In recent years, scholars in international relations and other fields have begun to conceive of security more broadly, moving away from a state-centered concept of national security toward the idea of human security, which emphasizes the individual and human well-being. Viewing global environmental change through the lens of human security connects such problems as melting ice caps and carbon emissions to poverty, vulnerability, equity, and conflict. This book examines the complex social, health, and economic consequences of environmental change across the globe.
In chapters that are both academically rigorous and policy relevant, the book discusses the connections of global environmental change to urban poverty, natural disasters (with a case study of Hurricane Katrina), violent conflict (with a study of the decade-long Nepalese civil war), population, gender, and development. The book makes clear the inadequacy of traditional understandings of security and shows how global environmental change is raising new, unavoidable questions of human insecurity, conflict, cooperation, and sustainable development.
Contributors: W. Neil Adger, Jennifer Bailey, Jon Barnett, Victoria Basolo, Hans Georg Bohle, Mike Brklacich, May Chazan, Chris Cocklin, Geoffrey D. Dabelko, Indra de Soysa, Heather Goldsworthy, Betsy Hartmann, Robin M. Leichenko, Laura Little, Alexander López, Richard A. Matthew, Bryan McDonald, Eric Neumayer, Kwasi Nsiah-Gyabaah, Karen L. O'Brien, Marvin S. Soroos, Bishnu Raj Upreti
About the Editors
Richard A. Matthew is Associate Professor of International and Environmental Politics in the Schools of Social Ecology and Social Science at the University of California, Irvine.
Jon Barnett is Reader and Australian Research Council Fellow in the Department of Resource Management and Geography at the University of Melbourne.
Bryan McDonald is Assistant Director of the Center for Unconventional Security at the University of California, Irvine.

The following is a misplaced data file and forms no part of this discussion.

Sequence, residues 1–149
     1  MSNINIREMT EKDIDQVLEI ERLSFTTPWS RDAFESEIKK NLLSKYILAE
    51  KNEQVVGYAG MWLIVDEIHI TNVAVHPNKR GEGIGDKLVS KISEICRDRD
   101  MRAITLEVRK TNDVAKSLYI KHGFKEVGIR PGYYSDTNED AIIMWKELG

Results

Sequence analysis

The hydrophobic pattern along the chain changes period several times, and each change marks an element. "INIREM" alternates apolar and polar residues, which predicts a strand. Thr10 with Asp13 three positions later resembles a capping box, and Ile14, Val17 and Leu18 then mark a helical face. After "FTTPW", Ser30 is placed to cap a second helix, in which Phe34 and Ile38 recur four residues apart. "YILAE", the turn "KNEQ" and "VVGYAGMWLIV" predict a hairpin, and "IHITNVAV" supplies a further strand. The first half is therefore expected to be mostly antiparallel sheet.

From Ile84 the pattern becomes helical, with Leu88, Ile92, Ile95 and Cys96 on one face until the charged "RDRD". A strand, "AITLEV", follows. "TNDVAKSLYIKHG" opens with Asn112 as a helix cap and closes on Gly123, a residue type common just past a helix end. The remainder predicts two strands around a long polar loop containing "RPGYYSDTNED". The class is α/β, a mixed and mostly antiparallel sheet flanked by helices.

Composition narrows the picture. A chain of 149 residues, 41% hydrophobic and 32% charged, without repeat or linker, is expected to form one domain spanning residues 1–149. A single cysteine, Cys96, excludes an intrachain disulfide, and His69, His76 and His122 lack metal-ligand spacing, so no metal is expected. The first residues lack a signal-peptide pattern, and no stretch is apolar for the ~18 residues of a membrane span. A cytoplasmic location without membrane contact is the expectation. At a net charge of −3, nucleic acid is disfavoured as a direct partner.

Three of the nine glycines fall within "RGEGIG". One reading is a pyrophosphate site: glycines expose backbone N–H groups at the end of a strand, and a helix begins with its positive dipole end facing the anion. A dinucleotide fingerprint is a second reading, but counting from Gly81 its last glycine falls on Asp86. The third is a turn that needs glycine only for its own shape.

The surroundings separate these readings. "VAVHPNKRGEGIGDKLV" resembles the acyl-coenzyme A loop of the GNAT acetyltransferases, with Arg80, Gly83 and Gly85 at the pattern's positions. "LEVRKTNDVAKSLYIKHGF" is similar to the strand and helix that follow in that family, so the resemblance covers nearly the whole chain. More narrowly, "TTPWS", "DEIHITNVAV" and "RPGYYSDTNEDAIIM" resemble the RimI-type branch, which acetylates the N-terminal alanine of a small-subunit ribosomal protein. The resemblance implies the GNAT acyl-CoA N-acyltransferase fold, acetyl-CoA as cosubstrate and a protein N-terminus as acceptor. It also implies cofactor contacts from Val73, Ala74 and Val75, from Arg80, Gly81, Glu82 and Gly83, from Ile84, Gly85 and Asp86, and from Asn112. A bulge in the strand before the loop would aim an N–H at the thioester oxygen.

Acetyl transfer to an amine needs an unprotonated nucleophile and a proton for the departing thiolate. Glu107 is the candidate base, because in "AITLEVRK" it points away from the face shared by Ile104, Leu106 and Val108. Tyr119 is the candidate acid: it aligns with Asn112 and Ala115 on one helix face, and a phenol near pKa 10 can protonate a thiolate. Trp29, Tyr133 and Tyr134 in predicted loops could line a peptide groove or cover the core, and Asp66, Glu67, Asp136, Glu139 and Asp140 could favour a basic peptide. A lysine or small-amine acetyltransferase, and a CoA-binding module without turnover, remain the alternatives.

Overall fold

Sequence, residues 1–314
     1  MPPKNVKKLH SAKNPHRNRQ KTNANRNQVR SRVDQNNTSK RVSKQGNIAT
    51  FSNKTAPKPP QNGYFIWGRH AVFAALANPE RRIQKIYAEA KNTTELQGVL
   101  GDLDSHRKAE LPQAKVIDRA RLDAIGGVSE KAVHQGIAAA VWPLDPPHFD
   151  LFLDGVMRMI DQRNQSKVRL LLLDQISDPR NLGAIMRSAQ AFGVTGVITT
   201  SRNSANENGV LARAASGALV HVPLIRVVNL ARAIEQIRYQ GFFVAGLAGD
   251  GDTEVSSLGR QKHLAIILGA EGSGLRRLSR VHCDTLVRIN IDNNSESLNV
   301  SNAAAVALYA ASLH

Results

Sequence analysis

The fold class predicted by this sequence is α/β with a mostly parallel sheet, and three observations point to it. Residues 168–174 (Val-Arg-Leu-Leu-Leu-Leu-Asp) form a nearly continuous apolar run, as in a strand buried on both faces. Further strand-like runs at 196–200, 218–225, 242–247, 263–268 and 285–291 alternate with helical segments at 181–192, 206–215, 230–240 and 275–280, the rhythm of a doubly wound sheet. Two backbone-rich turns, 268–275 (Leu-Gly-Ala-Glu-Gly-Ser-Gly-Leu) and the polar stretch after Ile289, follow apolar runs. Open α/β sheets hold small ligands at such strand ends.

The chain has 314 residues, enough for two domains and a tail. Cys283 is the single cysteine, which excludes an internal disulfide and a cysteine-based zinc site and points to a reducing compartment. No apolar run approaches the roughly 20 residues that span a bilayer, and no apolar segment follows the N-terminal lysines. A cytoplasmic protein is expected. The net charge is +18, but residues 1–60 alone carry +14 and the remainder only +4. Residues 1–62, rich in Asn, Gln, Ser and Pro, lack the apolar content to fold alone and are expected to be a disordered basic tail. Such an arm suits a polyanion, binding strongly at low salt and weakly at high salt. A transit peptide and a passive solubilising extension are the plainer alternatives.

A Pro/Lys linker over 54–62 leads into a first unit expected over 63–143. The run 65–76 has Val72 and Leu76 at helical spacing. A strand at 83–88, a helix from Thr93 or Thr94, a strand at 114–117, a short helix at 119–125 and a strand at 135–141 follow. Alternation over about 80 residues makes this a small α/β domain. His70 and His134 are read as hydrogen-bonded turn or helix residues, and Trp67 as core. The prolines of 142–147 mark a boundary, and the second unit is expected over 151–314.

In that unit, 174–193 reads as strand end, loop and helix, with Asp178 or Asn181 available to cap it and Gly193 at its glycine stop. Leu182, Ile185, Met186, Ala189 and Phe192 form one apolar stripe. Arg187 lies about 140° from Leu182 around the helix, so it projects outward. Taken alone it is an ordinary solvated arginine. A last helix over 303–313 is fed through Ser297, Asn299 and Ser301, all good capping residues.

Karen L. O'Brien is Professor in the Department of Sociology and Human Geography at the University of Oslo.
“[A] remarkable example of what a network of researchers can accomplish with a shared vision and the freedom to explore it through diverse lenses in a wide range of real situations...an invaluable resource for undergraduate and graduate courses.” — Jeff Romm, EcoHealth
"By bringing people back into the security discourse, this superb collection of essays provides an important reminder of the centrality of individuals and communities for fostering both security and sustainable development. Through illuminating the ways in which global environmental change affects people's needs, rights, and values, the authors convincingly make the case for states to prioritize human security in responding to the manifold challenges posed by global environmental change."
Erika Weinthal, Duke University, author of State Making and Environmental Cooperation
"Since its beginning in 1996 the Global Environmental Change and Human Security (GECHS) program has come a long way; just how far is the subject of this book. In gathering together essays on some of the most pertinent issues in the environmental security as human security literature it not only illustrates how valuable this approach has already been, but also, by focusing on climate change, vulnerability, equity, and the connection between human insecurity and conflict opens a variety of new and exciting research areas. This book is highly recommended to anyone interested in human security, environmental security, and climate security."
Rita Floyd, British Academy post-doctoral fellow, University of Warwick, and Associate Fellow, Institute for Environmental Security, author of Security and the Environment
"This important volume significantly enhances our understanding of the complex relationship between environmental change and security while developing and applying one of the most sophisticated accounts of human security seen in the literature to date. Defining human security ultimately as the recovery of agency, the contributors to this volume draw attention to the crucial point that genuine vulnerability to environmental change is often related less to the dynamics of that change than to the inequalities inherent in existing political, economic, and social structures. With this volume the Global Environmental Change and Human Security project has established itself as the key intellectual focal point for thinking critically about the relationship between environmental change and the security of the most vulnerable."
Matt McDonald, Department of Politics and International Studies, University of Warwick